Three-quarters of the way through Πουλάκι Ξένο, I played what’s called a taxim
(ταξίμι) on the sandouri
. A taxim is a free-rhythm improvisation that comes either at the beginning of a song or during the melody itself, in which case it needs to fit the rhythm of the song. A taxim can explore a particular makam, or mode, or it can modulate between makams. In the case of Πουλάκι Ξένο, my taxim was in B Hijaz
, which is what the song is in. Hijaz (shown here in D) is a major
scale in which the first and second notes are separated by a half step, the second and third by a step-and-a-half, and the third and fourth by another half step. The very eastern sounding tetrachord (progression of four notes) that results is very common in Greek and Middle Eastern music. I also played a taxim during our second number, which was a syrtos dance from Asia Minor. My taxims are not improvised per se
. That is, I work them out in advance. I am not nearly skilled enough as a musician, nor do I have a good enough knowledge of makam, to produce a spontaneous taxim on the spot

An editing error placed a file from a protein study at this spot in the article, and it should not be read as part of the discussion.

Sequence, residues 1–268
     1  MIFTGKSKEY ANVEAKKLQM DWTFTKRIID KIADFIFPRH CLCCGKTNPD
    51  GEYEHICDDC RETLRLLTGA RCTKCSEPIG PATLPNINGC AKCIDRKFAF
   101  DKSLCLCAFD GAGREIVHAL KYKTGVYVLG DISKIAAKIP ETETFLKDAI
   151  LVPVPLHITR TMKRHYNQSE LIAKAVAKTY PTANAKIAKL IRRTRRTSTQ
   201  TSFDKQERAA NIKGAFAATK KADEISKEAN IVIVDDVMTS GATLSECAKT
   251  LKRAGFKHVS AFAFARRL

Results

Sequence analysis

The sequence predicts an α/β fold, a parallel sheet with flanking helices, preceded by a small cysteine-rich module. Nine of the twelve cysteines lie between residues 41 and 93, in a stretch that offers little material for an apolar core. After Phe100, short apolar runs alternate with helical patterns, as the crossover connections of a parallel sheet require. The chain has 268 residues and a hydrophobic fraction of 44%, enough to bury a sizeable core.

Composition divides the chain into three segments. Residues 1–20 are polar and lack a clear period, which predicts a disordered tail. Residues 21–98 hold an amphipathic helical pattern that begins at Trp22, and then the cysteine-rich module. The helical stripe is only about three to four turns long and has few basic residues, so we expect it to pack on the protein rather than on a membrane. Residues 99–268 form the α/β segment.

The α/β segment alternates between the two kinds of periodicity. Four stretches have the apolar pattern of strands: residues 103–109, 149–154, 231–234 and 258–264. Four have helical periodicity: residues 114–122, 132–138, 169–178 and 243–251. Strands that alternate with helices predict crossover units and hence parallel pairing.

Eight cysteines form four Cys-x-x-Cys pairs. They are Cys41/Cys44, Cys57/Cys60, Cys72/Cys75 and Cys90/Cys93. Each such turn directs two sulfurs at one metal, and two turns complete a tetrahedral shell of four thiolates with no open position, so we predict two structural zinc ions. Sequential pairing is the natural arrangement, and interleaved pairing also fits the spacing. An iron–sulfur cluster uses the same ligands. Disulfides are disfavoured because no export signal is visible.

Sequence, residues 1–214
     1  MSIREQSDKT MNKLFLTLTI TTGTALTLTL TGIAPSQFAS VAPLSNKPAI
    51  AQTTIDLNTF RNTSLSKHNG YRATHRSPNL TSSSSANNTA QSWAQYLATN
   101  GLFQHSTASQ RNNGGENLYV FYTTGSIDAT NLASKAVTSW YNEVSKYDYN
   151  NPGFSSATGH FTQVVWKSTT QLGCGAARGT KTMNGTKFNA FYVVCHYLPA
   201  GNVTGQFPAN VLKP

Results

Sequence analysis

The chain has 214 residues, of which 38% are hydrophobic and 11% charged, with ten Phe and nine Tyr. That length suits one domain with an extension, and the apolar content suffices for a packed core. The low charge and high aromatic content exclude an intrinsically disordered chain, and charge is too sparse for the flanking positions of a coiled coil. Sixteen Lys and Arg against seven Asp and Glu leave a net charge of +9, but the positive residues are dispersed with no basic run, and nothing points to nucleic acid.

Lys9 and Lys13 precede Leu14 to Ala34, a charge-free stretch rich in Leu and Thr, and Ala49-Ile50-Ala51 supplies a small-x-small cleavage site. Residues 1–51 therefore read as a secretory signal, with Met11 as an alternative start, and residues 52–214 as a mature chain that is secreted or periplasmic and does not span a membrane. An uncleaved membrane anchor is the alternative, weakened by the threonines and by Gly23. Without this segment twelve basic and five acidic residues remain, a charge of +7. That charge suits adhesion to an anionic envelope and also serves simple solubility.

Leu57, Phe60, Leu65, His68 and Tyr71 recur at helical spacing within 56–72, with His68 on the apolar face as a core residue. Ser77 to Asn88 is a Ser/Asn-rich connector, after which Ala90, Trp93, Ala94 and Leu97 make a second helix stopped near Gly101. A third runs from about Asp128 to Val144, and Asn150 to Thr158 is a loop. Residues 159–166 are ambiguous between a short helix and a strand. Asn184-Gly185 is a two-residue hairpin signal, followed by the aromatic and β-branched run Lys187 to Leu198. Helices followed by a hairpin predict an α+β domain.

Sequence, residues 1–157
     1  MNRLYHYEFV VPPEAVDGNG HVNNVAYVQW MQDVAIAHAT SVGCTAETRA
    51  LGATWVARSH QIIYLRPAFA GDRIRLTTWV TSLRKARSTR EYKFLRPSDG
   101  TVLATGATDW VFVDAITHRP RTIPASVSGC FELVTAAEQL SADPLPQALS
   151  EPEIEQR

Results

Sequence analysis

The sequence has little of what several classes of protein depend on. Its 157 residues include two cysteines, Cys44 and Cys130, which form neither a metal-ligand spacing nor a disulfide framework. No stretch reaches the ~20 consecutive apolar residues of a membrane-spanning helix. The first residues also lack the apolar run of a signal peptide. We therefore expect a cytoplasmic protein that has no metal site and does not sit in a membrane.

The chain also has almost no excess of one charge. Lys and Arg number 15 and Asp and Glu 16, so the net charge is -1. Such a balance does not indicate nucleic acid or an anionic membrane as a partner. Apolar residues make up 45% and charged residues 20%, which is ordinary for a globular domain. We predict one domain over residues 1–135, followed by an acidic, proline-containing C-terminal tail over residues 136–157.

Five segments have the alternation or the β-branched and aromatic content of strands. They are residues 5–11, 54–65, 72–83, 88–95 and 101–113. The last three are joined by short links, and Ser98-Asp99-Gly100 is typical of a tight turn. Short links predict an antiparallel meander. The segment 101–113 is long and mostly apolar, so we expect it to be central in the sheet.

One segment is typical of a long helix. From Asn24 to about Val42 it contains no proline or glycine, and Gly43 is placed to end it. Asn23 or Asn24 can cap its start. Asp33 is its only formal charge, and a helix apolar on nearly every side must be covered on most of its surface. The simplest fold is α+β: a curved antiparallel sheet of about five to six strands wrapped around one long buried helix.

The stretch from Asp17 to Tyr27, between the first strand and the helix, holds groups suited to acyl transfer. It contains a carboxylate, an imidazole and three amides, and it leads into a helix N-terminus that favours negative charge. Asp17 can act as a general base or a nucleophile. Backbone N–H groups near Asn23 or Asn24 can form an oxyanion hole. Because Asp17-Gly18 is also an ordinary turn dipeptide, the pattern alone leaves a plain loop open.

. I’m working on that.
B, the clarinet player, also performed a taxim during our final number, a syrtos dance from Lesbos called Γεραγότικος (Geragotikos), also in Hijaz. He was worried that his taxim wouldn’t sound Greek enough, since he’s a klezmer clarinetist. During his wonderful taxim, at which point there were so many dancers that they were beginning to knock over our music stands as they circled by us, I shouted out “Γειά σου, κλεζμεράκι μου!” which loosely translated means, “Bravo, my little klezmer!” It’s very common for Greek musicians to shout things out to each other during taxim. As soon as I said it, one of the musicians, obviously a Greek, responded by shouting out “Γειά σου, σαντουριέρη!” which means “Bravo, sandouri-player!” I looked up, but the line had already swept past me, so I’m not sure who it was, but I was happy to hear it.